Here are John Bird’s top takes from last night’s Question Time

The Big Issue founder clashed with Business Secretary Nadhim Zahawi over austerity and slammed the “human rights abuse” of rough sleeping

Big Issue founder John Bird put on a powerhouse display on BBC’s Question Time last night.

The crossbench peer appeared on the panel in Middlesbrough along with the Conservatives’ business secretary Nadhim Zahawi, Labour’s shadow health secretary Jon Ashworth, Daily Mirror editor Alison Phillips and divorce lawyer Ayesha Vardag.

If you missed the panel show, you can watch it now on BBC iPlayer here – but if you’re short of time here are Lord Bird’s best bits.

  1. “Rough sleeping is a human rights abuse”

The latest official snapshot statistics on rough sleeping in England released yesterday ahead of Question Time filming showing a second-straight year of declining numbers.

Host Fiona Bruce asked for Lord Bird’s take on the situation. He spoke passionately on the subject, bringing his own experience of living on the streets as a youngster to the debate.

Lord Bird told the Middlesbrough audience: “If you are a rough sleeper for a couple of months, it takes years to get it out of you. Even a couple of weeks (on the streets) will disenfranchise you in many ways and confuse you… The ridiculous situation we have now we have an overspill of the A&E department, an overspill of the social security office, we have an overspill of all the help charities can give. What you’ve got is this compound which is absolutely terrible. It is a human rights abuse. In my opinion, I would not let one person sleep on the streets… This is about social health and social wellbeing.”

  1. “Austerity cost too much”

Cabinet member Zahawi was representing the government on the show and he clashed with Lord Bird over the Conservatives’ policy on austerity. The trigger point came when Zahawi compared the UK to Venezuela, something which The Big Issue founder took exception to and pointed the finger at the coalition government that came into power in 2010 for bringing in austerity measures.

“They didn’t realise that the cost of austerity is too much,” he said. “Austerity is so expensive because not only does it destroy the lives of people in a community, it affects their minds, their wellbeing, the lack of libraries, schooling, the closing down of our high streets, all of these things happened and I can tell you as a person who has worked in this area over the last 20, 30 years that the cost of austerity has destroyed the community and made people think that they have no future. If you can’t feel that you have a future then it doesn’t matter what a Conservative minister says.”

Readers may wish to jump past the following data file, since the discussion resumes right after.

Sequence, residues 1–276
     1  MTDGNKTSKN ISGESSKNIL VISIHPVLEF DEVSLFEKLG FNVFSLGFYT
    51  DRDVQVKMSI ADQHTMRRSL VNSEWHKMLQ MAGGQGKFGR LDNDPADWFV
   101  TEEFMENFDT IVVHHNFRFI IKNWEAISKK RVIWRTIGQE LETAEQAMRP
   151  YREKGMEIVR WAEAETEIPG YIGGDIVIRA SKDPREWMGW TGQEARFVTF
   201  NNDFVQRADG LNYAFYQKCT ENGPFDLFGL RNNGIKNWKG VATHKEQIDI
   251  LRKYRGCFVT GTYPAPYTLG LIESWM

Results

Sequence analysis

1. “We need to stop this generation destroying the next generation”

Plans for a third runway at Heathrow Airport were dealt a blow following a court ruling yesterday. But they sparked considerable debate on the panel with Zahawi outlining the economic benefits while others pointed to the environmental impact and how the idea seemed incompatible with the UK’s efforts to reach net zero carbon emissions by 2050.

Lord Bird pointed to his Future Generations Bill, currently on its way through the House of Lords, which is designed to ensure that future generations that follow will have a voice in decisions like this one.

“This is trying to get the government to grow up about not doing short-term things,” he said. “It’s a really interesting and exciting idea to have runway three, because it is a real boost to the economy very, very quickly but the long-term effects are just devastating… If we want to do something sensible, we need to stop this generation destroying the next generation.”

The Future Generations Bill will be next in the House of Lords on March 13 for its second reading.

  1. “Coronavirus is not just a health crisis, it is a social crisis”

Zahawi spoke about how the government has been holding COBRA meetings every week to limit the outbreak of CO-VID19 and even opposition member Ashworth conceded that the government response so far has been effective.

Lord Bird called for the “dragooning” of private facilities to boost capacity for treatment as the outbreak grows. “This is not just a health crisis, it is a social crisis” was the crossbench peer’s summation of the global issue.

Image: BBC